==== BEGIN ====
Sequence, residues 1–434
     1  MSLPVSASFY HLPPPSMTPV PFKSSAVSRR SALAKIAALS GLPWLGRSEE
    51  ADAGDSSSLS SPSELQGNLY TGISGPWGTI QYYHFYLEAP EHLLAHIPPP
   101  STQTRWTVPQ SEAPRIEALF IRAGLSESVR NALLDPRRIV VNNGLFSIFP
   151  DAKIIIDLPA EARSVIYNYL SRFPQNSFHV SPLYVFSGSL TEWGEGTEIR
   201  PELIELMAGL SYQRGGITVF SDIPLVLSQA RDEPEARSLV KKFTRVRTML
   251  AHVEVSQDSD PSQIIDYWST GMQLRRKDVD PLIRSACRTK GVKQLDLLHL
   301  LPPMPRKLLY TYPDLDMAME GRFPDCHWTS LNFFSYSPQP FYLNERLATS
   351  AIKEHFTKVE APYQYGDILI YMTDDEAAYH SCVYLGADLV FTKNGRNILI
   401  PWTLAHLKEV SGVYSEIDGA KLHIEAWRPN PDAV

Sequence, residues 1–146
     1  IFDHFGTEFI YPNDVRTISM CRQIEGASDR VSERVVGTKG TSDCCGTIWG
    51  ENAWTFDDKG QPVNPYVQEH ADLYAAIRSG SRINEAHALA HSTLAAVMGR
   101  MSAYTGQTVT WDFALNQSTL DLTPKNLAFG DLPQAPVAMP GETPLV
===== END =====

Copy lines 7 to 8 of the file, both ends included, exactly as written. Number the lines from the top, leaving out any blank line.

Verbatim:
   251  AHVEVSQDSD PSQIIDYWST GMQLRRKDVD PLIRSACRTK GVKQLDLLHL
   301  LPPMPRKLLY TYPDLDMAME GRFPDCHWTS LNFFSYSPQP FYLNERLATS